Delhi HC ‘zero-pendency’ project to reduce load on lower courts

13 judges (one for each district of Delhi) are part of the project and are adjudicating different types of cases

Written by Anindya Thakuria | New Delhi | Updated: March 18, 2017 6:32 am
delhi, delhi high court, delhi news, india news, court pending cases Delhi High Court. (File Photo)

A SPECIAL committee under the Delhi High Court is trying to find out how long a case will take to be decided by lower courts if judges are not overburdened. The committee is running a pilot project to assess how to run lower courts in the capital with ‘zero-pendency’. Currently, 13 judges (one for each district of Delhi) are part of the project and are adjudicating different types of cases. The scheme was launched on January 2. According to the committee, the objective behind setting up these courts is to study the actual real time ‘flow of cases’ from date of institution to final disposal. The project also aims to figure out reasons for the delay, besides assessing a realistic timeline for final disposal of newly instituted cases.

An additional sessions judge in one of Delhi’s district courts, who deals with partition (suits that seek partition of joint family properties) and specific performance cases, said he is currently dealing with only 113 cases as compared to more than 550 cases he was dealing with earlier. He said the idea of the programme is to ensure judges are not overburdened.

“I usually deal with 12-15 cases a day, at times even fewer than that,” said the judge, adding that this is way lower than the cases a judge deals with otherwise. Cases that he was dealing with before the experiment commenced have mostly been transferred to other judges, he said.

He added that cases are progressing relatively fast in his court as in many cases, issues have been framed. In almost all cases that were initiated in January, he said, written statements (replies) have been filed. At times, framing of issues takes years and lawyers get a 90-day time limit to file written statements.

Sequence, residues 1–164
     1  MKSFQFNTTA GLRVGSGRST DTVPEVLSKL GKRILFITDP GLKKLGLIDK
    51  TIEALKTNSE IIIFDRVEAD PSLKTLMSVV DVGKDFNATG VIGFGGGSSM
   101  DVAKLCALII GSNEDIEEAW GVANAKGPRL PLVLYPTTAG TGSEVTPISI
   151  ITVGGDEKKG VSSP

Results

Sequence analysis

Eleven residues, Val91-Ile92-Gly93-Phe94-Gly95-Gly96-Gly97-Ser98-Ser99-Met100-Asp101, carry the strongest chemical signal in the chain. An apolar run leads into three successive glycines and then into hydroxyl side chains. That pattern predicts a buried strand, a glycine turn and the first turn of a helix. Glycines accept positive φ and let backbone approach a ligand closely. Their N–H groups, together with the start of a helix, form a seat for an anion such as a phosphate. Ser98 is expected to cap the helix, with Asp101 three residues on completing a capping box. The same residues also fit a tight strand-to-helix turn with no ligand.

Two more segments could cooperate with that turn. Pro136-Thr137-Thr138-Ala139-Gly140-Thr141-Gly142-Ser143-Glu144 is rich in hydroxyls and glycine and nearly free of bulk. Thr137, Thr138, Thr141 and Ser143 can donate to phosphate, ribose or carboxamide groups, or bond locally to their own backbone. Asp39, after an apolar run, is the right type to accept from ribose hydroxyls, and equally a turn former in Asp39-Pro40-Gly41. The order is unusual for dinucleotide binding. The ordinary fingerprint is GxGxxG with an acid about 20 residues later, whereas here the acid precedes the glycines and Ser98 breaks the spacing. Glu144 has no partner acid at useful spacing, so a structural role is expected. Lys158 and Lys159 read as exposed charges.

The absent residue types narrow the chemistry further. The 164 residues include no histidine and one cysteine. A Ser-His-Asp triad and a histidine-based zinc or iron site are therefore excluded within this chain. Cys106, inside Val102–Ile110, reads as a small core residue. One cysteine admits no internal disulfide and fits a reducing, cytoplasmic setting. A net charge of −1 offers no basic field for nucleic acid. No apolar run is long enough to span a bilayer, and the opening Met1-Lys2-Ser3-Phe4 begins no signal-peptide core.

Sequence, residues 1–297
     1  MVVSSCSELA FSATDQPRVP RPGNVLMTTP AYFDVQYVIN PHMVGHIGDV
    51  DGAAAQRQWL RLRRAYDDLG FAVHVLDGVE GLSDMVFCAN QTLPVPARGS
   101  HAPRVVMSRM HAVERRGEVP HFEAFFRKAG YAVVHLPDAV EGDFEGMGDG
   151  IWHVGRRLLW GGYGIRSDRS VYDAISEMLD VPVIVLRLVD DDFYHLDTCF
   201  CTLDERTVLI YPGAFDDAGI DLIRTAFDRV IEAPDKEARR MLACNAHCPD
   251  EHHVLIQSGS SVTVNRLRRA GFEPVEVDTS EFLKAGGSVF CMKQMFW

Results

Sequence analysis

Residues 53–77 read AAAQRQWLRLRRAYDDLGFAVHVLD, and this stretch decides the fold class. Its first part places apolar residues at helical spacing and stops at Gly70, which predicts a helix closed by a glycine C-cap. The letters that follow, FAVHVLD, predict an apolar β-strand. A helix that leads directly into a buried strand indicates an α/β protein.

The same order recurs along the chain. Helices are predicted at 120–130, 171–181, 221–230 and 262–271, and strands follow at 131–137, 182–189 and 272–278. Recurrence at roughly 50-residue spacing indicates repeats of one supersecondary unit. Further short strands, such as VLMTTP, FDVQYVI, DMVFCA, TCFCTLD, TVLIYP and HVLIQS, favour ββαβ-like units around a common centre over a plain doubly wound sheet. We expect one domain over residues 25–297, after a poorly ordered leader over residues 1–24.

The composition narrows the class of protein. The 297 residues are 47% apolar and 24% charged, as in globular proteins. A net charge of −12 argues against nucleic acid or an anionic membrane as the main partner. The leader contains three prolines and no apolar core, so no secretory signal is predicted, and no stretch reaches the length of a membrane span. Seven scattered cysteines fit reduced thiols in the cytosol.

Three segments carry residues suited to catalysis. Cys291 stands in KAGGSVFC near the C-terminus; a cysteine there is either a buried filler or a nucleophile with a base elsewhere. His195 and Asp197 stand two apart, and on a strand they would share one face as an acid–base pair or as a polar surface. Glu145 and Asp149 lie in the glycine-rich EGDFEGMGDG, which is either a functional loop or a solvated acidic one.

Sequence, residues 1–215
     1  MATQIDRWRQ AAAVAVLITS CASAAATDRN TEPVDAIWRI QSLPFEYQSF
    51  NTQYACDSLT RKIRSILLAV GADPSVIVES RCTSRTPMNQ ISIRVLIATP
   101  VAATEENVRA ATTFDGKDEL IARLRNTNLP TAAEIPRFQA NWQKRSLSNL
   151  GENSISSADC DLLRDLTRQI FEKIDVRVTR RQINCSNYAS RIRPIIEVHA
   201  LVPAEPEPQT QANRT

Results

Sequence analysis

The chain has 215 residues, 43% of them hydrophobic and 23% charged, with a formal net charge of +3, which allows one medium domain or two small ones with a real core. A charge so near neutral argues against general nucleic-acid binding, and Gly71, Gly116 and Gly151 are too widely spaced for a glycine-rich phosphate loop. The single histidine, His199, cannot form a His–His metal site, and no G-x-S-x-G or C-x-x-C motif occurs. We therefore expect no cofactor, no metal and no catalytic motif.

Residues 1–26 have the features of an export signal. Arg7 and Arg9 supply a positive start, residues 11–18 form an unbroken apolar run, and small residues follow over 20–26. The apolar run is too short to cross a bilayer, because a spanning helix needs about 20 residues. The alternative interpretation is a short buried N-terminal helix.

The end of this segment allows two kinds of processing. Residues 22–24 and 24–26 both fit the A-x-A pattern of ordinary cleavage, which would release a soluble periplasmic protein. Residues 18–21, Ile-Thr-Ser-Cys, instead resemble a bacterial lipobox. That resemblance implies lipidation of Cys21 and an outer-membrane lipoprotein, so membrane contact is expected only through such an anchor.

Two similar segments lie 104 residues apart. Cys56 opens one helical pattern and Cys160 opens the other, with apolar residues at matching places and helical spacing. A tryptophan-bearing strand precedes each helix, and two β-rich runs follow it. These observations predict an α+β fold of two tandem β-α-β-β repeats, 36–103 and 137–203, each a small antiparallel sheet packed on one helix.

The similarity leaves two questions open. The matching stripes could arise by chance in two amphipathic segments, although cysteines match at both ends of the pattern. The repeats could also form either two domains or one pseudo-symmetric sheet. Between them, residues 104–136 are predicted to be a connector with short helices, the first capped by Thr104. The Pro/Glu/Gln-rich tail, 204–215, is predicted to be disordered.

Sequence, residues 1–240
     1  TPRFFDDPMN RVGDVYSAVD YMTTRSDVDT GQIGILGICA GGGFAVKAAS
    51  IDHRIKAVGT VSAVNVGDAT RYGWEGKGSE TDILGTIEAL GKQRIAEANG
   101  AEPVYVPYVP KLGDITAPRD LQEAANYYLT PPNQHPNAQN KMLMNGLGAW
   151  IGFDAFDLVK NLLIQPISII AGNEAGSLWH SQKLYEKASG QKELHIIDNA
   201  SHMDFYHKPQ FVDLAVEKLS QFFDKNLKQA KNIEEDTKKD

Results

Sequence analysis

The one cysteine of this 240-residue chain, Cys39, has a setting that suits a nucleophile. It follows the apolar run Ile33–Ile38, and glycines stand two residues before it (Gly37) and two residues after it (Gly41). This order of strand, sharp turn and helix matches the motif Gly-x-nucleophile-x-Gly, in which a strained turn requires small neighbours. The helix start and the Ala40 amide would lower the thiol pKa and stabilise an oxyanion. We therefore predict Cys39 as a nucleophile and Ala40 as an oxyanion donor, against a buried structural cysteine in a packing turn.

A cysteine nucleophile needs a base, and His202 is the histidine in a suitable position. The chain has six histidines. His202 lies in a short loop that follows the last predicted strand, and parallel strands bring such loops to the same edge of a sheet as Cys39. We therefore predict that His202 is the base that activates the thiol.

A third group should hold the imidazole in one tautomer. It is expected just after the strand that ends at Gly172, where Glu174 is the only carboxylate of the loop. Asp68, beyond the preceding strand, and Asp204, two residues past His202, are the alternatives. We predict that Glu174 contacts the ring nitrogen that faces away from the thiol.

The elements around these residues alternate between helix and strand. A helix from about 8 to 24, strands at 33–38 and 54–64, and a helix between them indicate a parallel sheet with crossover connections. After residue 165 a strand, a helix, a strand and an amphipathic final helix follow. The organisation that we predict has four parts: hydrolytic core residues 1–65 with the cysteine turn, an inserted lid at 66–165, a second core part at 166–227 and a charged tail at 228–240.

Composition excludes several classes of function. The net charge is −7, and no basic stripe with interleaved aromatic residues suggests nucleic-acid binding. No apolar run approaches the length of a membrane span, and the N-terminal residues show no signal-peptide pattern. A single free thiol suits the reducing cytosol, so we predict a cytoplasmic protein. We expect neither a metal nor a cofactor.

The judge, however, pointed out that there is a great degree of reluctance among lawyers to be tried in his court. “Some lawyers are even saying, ‘I won’t get justice, the work is happening very fast’… I admit it is a problem for the lawyers, who are used to a system of prolonged litigation.”

According to the committee, the goal behind the experiment is to strictly adhere to the timelines provided in various statutes.

“To file written statements, a lawyer gets 30 days, which can be extended to 90 days. But, very often, the written statements are filed well after 90 days. In my court, lawyers usually file replies within the stipulated 30 days. I usually don’t grant adjournments… and when I allow a case to be adjourned, I give the shortest possible date,” the judge said.

The project is being monitored by the State Court Management Systems Committee. Every court under the project has to submit a weekly report. The judge said the committee will examine all reports and take a call on the effectiveness of the programme.

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